Review: Darren Bader at Blum and Poe
By: Sharon Mizota
To say I was unprepared for Darren Bader's installation at Blum & Poe is an understatement. I had read the coy, poetic/philosophical press release and was looking too closely at the unusual checklist to notice a low-hanging warning sign.
And then I was in the gallery, looking at a woman, standing quietly against the wall, fully clothed except for one breast, over which she held a large, black camera. This presumably was the piece titled "breast with/and camera." I was stunned.
I was also uncomfortable, a rare feeling in a gallery, even amid the most confrontational art. In shows by the likes of Marina Abramovic or Tino Sehgal, one expects to see live bodies, perhaps even nude ones. But those are performances. Bader's people — four in all — function instead as sculpture, not unlike the creepy, silver-painted living statues on Hollywood Boulevard.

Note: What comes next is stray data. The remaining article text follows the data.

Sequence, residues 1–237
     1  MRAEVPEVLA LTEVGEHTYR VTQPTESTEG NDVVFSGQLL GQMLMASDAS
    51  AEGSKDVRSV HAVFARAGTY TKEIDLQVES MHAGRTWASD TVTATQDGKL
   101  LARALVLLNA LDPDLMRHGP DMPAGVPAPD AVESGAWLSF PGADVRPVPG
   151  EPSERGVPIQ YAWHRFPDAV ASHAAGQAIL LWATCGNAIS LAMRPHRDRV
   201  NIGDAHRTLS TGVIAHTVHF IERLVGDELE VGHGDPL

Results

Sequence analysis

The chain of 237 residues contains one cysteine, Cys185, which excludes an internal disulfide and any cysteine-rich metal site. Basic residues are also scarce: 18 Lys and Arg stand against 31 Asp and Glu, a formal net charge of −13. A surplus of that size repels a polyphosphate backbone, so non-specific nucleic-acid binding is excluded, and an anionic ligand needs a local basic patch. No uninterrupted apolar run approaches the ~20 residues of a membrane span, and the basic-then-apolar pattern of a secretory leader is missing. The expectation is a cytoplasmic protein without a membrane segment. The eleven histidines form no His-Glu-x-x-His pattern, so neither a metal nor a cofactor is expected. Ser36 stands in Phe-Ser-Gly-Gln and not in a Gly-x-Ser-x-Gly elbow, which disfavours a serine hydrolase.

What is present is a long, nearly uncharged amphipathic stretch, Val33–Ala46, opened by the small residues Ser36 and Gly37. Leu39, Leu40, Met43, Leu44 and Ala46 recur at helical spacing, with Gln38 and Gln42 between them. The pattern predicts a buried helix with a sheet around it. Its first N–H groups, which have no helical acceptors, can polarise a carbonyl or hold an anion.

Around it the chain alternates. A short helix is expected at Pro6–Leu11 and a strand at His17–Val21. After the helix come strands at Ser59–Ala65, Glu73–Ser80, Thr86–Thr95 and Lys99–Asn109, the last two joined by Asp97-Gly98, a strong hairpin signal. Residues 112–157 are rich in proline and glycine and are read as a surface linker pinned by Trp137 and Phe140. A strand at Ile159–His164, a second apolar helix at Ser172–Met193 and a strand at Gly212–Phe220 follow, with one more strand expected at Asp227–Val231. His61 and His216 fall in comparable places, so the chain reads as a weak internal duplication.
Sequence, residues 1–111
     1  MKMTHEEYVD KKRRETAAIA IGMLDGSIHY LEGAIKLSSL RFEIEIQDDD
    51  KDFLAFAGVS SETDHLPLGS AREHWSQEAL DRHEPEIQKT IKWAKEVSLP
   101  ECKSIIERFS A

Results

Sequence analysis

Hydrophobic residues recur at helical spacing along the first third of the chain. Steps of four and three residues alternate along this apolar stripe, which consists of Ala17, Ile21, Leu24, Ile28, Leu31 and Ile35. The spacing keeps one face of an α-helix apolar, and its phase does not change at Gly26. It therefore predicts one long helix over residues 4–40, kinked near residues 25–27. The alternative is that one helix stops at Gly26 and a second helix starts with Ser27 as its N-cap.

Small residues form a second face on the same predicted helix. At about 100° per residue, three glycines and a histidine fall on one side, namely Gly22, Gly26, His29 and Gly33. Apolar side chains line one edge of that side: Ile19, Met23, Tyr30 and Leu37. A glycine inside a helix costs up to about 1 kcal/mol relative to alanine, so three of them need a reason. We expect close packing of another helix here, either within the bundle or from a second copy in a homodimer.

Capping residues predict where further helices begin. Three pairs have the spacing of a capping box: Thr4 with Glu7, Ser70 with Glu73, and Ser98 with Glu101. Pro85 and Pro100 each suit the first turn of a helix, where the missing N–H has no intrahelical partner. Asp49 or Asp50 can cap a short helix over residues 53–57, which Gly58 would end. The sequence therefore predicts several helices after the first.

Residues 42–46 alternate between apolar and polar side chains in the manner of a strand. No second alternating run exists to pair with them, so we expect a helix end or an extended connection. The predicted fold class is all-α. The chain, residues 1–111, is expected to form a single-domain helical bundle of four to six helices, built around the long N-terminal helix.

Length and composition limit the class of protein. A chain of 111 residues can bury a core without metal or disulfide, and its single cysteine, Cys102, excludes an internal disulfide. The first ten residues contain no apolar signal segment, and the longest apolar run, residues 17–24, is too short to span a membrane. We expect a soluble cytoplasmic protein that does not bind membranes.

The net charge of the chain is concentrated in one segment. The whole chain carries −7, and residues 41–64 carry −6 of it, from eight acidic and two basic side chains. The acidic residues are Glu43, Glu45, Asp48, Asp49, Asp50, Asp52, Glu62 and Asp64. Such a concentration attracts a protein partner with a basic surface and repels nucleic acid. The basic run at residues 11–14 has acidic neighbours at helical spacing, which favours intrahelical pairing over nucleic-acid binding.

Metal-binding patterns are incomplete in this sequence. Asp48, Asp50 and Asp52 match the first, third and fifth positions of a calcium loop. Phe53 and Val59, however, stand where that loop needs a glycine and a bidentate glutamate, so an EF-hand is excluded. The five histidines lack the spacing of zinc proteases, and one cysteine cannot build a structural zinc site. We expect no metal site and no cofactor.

A body or, more accurately in this case, a body part, is just another object: an idea both unsettling and brutally insightful.
The show, "Heaven and Earth," is organized in pairs, and the single large gallery is littered with unexpected couplings. "Concert harp and/with airplane tray table" is exactly what it sounds like: a full-size harp standing next to a slab of gray plastic that is decidedly not in the upright and locked position.
There is also the brightly decorated "rickshaw and/with Russian doll" and the more despairing "rope with/and Don Quixote" (the book). I nearly stepped on "patella with/and theater tickets," the rock-like kneecap serving as a kind of paperweight.
Read generously, the show is a commentary on our objectification of bodies. More cynically, it is simply another example of the same. But could it be both of those things, and/with something more wondrous?
There is admittedly a certain sexiness suggested by all the indiscriminate couplings. They call into question routine pairings (like heaven and earth) and fuse new, weird connections between seemingly disparate things.
In fact, the show exists almost as effectively (if less shockingly) on paper, as a string of phrases connected by a continual flow of ands and withs. If art is typically defined by discrimination — this is art, but that is not — Bader's installation is instead a grand gesture of inclusion.